Rugby AU and Australian Army embark on new partnership

Beth Newman Profile
by Beth Newman in Japan

The Wallabies could train alongside Australia’s special forces soldiers as part of a new partnership between Rugby Australia and the Australian Army.

The first relationship of its kind between the army and a national sport will give Australian rugby teams access to army barracks around the country for training.

Beyond that, both organisations will work to share sport science knowledge, leadership training and “performance under pressure” concepts.

Brigadier and president of the Australian Army Rugby Union Ben James said both groups could feed off one another, both in physical and mental areas.

“Both of our institutions are involved in maximising the potential of our people,” he said.

Brigadier Ben James, Rugby AU CEO Raelene Castle and Australian Sevens players and Wallaroos. Photo: Ray Vance“The sorts of programs that we're already involved in - you mentioned performance under pressure.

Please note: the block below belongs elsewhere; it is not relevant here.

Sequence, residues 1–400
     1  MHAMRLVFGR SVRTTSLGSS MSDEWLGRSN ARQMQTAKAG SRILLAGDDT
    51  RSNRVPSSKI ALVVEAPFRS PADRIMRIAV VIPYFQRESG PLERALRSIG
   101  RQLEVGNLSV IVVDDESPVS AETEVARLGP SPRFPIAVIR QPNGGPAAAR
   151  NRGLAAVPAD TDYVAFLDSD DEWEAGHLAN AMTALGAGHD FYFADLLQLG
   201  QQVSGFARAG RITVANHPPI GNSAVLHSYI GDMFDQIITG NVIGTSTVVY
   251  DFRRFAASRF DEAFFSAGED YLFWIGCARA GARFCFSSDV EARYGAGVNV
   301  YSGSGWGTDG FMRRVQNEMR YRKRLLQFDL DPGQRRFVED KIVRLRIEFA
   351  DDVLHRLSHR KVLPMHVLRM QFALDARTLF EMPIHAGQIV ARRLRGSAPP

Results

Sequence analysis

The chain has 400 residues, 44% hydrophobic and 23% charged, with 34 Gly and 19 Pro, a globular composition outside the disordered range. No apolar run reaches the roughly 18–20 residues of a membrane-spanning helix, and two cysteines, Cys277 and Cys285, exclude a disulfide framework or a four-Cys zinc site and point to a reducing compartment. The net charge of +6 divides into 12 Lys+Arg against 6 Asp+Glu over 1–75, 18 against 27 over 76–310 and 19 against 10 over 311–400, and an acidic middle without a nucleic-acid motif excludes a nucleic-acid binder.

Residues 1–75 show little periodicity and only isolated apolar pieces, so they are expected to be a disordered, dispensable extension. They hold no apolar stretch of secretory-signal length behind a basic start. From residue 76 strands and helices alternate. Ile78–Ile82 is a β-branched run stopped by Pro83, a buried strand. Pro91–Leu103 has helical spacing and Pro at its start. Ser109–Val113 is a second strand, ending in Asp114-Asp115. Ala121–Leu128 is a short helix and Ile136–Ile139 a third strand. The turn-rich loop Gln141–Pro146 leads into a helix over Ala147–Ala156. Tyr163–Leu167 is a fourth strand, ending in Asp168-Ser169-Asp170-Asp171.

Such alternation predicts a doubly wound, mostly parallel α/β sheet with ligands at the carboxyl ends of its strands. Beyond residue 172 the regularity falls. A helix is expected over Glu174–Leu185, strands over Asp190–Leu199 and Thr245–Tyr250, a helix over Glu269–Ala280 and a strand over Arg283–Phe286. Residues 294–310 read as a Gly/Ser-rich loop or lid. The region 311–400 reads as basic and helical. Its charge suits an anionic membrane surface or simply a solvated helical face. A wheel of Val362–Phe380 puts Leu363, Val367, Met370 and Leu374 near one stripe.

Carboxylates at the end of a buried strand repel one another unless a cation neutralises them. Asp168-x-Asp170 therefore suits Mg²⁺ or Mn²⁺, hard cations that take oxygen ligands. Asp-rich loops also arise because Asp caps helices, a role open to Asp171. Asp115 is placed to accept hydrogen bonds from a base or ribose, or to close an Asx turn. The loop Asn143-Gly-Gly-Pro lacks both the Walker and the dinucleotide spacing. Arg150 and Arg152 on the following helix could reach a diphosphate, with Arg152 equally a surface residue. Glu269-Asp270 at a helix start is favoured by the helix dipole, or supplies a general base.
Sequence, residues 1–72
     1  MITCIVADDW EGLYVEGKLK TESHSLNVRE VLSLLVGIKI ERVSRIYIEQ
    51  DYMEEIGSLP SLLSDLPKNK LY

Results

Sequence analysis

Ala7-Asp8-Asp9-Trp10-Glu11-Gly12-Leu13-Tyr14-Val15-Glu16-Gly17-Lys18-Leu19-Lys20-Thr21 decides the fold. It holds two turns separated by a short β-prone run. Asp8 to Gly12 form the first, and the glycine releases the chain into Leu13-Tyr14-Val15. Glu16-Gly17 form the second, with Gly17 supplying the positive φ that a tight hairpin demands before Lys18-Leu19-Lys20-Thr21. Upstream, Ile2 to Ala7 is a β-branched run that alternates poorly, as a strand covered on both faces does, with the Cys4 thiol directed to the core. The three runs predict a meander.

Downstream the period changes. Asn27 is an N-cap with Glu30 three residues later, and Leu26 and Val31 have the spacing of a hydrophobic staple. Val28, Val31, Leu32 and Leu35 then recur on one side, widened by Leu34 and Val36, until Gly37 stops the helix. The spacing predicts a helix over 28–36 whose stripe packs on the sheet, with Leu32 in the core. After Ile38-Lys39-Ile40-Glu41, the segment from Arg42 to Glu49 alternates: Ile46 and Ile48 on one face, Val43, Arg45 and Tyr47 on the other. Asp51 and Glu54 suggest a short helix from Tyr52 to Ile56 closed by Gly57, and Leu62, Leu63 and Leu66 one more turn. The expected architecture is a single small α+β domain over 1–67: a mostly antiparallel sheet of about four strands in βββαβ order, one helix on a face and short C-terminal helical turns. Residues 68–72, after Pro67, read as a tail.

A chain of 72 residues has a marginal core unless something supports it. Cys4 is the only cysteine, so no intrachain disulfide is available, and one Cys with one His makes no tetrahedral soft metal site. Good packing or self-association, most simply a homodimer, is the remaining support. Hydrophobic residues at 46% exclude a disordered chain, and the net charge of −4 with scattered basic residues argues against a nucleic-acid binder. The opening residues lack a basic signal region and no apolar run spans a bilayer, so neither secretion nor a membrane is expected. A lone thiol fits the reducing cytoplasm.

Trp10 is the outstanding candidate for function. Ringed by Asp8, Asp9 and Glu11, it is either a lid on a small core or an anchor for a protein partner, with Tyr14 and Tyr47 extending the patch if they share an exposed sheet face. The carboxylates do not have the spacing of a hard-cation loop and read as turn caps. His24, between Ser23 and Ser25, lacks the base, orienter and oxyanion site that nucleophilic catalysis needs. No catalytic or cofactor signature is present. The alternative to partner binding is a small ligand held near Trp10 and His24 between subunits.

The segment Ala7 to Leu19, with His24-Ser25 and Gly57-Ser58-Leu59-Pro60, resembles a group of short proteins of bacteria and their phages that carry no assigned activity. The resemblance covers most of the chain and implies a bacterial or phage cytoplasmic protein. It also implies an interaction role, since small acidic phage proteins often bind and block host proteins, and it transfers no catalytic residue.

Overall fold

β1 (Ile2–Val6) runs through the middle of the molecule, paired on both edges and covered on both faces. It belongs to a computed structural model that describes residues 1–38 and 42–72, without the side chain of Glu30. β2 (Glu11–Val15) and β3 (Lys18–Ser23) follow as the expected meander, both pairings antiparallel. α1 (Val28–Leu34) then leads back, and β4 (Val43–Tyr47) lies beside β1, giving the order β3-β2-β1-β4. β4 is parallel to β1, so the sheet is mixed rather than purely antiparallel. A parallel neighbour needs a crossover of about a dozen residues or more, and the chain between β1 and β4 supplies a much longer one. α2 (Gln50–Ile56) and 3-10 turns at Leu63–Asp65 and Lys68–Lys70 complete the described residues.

“It might involve training alongside our Special Forces soldiers.

“Most likely so that when those lights are on (or) when our young Australians are leading soldiers overseas on ops, they turn up and can deliver when it really counts and we've got a number of programs we'll pursue to be able to land that.”

Rugby AU CEO Raelene Castle said there were strong threads that tied the two organisations together.

“I think as we grow organisations that are combative in nature, there's learnings for both sides,” she said.

“We've had an iconic history with many of our rugby players serving so that can be really aspirational, inspirational for our athletes and likewise for the people in the army to see players train here."

Castle said the relationship would go beyond the ‘combative’ top level associated with soldiers serving for our country and delve into other areas as well.

“I think we also think about it at a really combative Test matches or under pressure in a combative situation but actually in every day engagement your forces do so much work overseas, in communities and actually engaging with different countries,” she said.

“I think there is some benefits at that level as well, it's not just at the very top combative level, there's actually some real benefits for the skill base that we share engaging in different communities as well.”